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This article in CS

  1. Vol. 47 No. 1, p. 321-328
     
    Received: Mar 6, 2006


    * Corresponding author(s): bnarasimhamoorthy@noble.org
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doi:10.2135/cropsci2006.03.0147

A Comparison of Hydroponics, Soil, and Root Staining Methods for Evaluation of Aluminum Tolerance in Medicago truncatula (Barrel Medic) Germplasm

  1. B. Narasimhamoorthy *a,
  2. E. B. Blancaflora,
  3. J. H. Boutona,
  4. M. E. Paytonb and
  5. M. K. Sledgea
  1. a The Samuel Roberts Noble Foundation, Ardmore, OK 73402
    b Dep. of Statistics, Oklahoma State University, Stillwater, OK 74078-1056

Abstract

Aluminum toxicity and soil acidity are major constraints in alfalfa (Medicago sativa subsp. sativa) production in the world. Despite intense research efforts, neither an effective screening procedure nor an Al-tolerant alfalfa germplasm is available. This dictates the need for identifying a new source of Al-tolerant genes in the closely related species M. truncatula (barrel medic). Our objectives were to compare three Al tolerance screening methods: (i) a seedling-based hydroponics method, (ii) a soil-based plant method, and (iii) an Al-stressed seedling-based lumogallion root staining method in 32 M. truncatula accessions. The soil system compared the genotypes for dry root and shoot weights in unlimed soil and for relative weights. The lumogallion root staining of Al-stressed seedlings compared the genotypes for fluorescence intensity of Al-bound lumogallion within the root tips. In the hydroponics system, the genotypes were compared for root elongation and relative growth. The three methods were different from each other, with altered rankings for genotypes across the methods. The soil assay demonstrated a higher capacity for discriminating Al response among genotypes with a higher reproducibility. Most of the genotypes that were Al-tolerant in soil were also Al-tolerant using the hydroponics and root staining methods. The results suggested that a combination of soil-based and hydroponics screening might be essential to identify Al-tolerant genotypes possessing multiple Al tolerance mechanisms.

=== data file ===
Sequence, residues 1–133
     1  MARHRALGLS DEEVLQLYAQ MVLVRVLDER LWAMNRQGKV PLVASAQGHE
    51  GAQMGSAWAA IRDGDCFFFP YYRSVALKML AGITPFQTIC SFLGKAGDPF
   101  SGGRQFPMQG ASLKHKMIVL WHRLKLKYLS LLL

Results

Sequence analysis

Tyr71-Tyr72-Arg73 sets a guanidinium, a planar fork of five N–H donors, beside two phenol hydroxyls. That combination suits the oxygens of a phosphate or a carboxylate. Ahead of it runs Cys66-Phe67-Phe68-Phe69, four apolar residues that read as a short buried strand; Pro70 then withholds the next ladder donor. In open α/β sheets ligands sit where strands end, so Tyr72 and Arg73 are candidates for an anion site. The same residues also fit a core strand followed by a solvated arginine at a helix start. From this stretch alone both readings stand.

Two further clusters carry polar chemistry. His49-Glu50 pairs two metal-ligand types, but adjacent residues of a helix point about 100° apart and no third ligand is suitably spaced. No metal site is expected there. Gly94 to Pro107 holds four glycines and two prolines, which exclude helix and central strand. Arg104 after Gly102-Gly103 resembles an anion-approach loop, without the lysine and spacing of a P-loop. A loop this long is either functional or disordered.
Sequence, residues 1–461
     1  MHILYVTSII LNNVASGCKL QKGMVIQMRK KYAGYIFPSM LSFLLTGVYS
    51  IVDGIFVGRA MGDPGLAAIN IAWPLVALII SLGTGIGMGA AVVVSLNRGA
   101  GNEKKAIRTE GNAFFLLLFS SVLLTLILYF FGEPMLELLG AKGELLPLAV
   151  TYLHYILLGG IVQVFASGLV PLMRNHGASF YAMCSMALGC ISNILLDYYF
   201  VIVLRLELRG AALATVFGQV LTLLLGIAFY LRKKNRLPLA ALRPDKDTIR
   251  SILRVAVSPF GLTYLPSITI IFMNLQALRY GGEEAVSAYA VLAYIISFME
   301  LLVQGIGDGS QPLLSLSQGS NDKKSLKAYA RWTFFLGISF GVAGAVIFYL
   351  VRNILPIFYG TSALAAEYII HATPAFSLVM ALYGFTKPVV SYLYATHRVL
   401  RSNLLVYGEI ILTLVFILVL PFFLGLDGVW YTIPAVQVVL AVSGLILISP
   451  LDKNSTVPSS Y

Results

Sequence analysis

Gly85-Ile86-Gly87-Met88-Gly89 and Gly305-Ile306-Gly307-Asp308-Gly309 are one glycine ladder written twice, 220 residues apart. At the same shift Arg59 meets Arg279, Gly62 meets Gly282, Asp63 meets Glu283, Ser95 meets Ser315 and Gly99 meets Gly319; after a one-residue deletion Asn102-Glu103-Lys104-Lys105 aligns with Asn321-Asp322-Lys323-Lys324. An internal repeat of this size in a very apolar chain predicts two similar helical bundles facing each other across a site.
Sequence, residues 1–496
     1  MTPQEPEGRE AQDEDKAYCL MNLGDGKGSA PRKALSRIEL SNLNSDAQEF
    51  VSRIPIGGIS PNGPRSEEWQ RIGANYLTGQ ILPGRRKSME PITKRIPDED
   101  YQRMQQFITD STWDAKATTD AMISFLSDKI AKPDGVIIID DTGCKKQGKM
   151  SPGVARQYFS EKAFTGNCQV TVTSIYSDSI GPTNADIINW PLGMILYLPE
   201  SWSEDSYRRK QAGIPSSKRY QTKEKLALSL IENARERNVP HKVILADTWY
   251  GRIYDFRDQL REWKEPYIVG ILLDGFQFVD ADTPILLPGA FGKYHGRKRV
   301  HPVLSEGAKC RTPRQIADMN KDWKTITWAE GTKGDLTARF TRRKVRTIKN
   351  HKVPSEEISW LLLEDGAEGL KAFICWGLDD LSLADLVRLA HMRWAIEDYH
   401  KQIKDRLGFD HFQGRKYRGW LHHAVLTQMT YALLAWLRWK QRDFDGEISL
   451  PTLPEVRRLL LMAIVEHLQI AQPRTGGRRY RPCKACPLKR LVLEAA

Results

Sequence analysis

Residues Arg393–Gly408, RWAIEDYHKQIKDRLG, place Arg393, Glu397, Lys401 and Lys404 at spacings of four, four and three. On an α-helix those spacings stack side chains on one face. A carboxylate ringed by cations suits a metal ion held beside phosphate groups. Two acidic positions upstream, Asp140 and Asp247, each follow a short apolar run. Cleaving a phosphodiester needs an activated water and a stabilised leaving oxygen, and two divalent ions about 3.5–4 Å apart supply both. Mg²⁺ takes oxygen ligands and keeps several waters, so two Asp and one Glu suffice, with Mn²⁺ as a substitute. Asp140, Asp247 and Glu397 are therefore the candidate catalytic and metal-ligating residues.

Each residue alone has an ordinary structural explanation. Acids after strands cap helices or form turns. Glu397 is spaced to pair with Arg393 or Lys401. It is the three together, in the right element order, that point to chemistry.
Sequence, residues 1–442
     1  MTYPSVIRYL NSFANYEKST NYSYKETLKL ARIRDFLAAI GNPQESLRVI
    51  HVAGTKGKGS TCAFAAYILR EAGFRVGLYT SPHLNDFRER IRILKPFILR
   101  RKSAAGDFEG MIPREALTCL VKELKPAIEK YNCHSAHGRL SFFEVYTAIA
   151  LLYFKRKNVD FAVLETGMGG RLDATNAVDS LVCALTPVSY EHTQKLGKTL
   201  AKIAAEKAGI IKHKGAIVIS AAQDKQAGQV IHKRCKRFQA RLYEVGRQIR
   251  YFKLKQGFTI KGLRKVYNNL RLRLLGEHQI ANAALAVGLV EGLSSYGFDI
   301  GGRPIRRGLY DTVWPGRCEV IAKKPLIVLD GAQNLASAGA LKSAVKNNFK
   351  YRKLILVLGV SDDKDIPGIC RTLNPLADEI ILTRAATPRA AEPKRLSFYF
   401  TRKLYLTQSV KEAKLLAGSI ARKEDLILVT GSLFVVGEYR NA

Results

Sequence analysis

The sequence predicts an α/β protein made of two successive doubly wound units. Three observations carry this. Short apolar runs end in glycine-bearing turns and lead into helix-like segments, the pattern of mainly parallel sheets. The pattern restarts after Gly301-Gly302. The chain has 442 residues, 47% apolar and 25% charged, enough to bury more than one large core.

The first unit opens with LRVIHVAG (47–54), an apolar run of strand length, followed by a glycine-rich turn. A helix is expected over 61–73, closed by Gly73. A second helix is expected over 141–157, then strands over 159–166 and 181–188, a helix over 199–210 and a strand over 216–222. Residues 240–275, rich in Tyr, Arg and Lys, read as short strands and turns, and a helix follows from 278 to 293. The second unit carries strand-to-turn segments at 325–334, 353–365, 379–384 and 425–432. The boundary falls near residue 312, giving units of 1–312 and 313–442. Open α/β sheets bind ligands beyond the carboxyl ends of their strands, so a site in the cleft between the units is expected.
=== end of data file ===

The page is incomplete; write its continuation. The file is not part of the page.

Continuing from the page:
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Copyright © 2007. Crop Science Society of AmericaCrop Science Society of America